And though health-nut raw milk drinkers get all the press, there are plenty of people who seek it out for home use as an ingredient for dairy projects; when we paid our employees this year partially in raw milk, we made them sign an agreement not to drink or use it without pasteurization, and taught them how to make yogurt and cheese. They were thrilled, we were able to get paid help, and none of that would be possible without Missouri law’s allowing us to sell raw milk on the farm without inspection. That openness allows customers to take responsibility for their own actions, as well as farms.
(3) Regarding food safety, first of all, please do not conflate “organic” with “food safety”. They are only tangentially related, and I have never claimed to want or deserve freedom from regulation because we are organic. The key factor in my view is the nature of the farm’s marketing, whether local direct-market or commercially distributed through the food system. Whether or not a farm is “safe” has far more to do with the ethics and practices of the individual farmer/business than anything else, and that transcends growing philosophy and size. Direct-market farming allows the customer to take responsibility for their own choices, and the farmer to take responsibility for the direct consequences of their methods, and that freedom does not require ineffective and cumbersome regulation.
“There has to be a system in place so I don’t have to go out to every producer I meet and check out his/her operation. Make sense?”. I disagree. In an ideal economic system, customers do the work to make educated choices. That is often not possible, but in local foods it is far more so than normal. If you don’t want to do that, that’s your choice, but don’t take that choice away from other people. As a market shopper, you’re quite capable of talking to every grower you buy from and getting a good sense of how much they know and care about food safety, and arranging a few visits if needed. If the thought of unregulated food scares you, if you think the government’s methods are safer than ours, all you have to do is go back to the grocery store. But many other consumers like local farms the way they are, and are willing to take their chances in exchange for those farm’s continued freedom from paperwork and bureaucracy and the associated economic impact. Local foods have been growing precisely because a growing set of consumers prefer that personal contact to lots of middlemen; they should have that freedom of choice.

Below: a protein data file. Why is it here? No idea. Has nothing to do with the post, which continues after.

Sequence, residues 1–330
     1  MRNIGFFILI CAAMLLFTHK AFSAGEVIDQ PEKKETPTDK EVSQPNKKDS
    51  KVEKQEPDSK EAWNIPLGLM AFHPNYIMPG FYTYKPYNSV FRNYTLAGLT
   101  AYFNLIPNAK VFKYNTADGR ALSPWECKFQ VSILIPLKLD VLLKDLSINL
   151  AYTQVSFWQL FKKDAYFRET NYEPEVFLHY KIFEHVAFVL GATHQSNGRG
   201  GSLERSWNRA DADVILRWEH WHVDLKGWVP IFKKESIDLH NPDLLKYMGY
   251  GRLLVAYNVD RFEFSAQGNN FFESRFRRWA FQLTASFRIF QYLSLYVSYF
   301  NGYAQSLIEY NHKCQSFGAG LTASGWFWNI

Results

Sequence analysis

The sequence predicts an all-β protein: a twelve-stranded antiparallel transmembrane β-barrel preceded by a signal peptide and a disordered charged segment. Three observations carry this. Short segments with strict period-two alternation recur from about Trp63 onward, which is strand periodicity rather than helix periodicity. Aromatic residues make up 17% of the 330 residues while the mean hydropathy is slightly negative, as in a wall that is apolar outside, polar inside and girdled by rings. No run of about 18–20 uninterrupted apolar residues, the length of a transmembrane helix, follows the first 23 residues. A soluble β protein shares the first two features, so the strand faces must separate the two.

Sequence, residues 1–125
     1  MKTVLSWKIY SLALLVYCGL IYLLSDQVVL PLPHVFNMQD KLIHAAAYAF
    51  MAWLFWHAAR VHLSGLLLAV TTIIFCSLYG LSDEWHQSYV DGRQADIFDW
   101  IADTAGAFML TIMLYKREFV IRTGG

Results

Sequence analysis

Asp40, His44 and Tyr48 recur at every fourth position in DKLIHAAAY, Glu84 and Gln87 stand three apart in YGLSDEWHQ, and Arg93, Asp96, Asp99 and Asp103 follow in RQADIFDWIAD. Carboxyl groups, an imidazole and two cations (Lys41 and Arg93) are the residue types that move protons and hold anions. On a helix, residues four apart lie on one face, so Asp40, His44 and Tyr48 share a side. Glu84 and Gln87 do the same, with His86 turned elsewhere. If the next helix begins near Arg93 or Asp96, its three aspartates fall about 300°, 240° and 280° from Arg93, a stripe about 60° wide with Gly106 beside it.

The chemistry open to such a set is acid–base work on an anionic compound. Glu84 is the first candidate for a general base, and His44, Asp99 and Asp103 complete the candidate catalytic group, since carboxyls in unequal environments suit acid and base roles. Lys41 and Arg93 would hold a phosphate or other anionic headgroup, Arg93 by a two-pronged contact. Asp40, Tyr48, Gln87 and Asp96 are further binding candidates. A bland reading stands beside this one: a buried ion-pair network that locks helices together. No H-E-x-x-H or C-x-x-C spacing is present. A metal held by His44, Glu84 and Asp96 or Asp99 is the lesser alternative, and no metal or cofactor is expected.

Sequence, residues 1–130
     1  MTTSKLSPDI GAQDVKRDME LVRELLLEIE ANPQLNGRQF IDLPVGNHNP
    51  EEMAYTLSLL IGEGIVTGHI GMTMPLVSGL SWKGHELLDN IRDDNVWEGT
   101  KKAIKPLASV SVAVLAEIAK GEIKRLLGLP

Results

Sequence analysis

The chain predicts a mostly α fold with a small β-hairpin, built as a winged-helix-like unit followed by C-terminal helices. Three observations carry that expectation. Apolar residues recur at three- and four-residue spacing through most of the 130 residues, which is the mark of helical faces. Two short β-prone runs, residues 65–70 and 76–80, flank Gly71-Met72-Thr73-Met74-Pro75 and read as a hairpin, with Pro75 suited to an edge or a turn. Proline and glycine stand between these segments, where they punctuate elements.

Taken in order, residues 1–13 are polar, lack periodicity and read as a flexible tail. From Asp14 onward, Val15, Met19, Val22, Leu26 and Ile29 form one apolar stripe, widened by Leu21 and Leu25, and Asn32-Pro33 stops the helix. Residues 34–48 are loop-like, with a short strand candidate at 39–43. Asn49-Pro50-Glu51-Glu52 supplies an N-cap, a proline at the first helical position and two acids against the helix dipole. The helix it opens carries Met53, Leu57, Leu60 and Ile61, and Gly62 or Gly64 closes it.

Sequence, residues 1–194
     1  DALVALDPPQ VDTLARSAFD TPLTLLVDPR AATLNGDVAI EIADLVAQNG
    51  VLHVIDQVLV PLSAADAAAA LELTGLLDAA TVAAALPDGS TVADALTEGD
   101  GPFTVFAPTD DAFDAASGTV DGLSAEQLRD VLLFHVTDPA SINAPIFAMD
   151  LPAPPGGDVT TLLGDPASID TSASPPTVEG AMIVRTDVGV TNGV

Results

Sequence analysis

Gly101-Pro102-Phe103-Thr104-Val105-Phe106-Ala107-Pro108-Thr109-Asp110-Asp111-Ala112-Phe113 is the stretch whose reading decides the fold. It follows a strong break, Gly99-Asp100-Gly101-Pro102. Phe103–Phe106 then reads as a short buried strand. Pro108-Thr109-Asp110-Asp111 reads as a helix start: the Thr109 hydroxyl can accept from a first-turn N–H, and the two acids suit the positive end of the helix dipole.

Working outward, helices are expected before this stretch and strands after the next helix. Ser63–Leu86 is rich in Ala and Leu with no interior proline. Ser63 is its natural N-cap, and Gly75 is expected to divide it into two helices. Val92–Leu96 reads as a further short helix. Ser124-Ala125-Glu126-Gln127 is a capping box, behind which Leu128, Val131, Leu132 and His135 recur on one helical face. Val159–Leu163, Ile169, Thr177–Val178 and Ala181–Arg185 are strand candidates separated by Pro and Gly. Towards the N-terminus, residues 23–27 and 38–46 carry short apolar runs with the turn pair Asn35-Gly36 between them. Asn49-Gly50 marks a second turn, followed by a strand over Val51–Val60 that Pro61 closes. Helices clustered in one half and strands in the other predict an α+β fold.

I don’t think your DWI analogy works, because DWI laws do not place an undue burden on non-drunks. You and I do not have to submit to regular breathalizer tests, keep written records of our daily alcohol consumption, allow police to inspect our vehicles whether or not we’re driving, and pay for it all. DWI laws allow us to be innocent until our behavior proves otherwise, because that is the only practical solution. The options above would reduce drunk driving further, but at too great a cost to personal freedom and personal finances. The same is true for the current attempts at food safety. They may increase the safety of certain sectors of the food system by some degree, but at a cost that will be borne mostly by those who are not the problem in the first place, and whose methods do not
place them in a high-risk cohort.
Consider that highway accidents kill and injure far more people than food safety incidents, yet the country would revolt if we took the simple and inexpensive step of lowering all speed limits back to 55 (highway speed is directly related to accident rate and severity). That’s because it would be a direct inconvenience to all citizens, who are generally willing to tolerate more danger in exchange for more freedom. Farms like mine, and many of our customers, are asking to retain similar rights to make responsible decisions for themselves. Certainly, as it is, the current effort at food safety reform is laughably complex and expensive for a problem which is a statistical molehill compared to highway safety, which no one is willing to approach with a ten foot pole.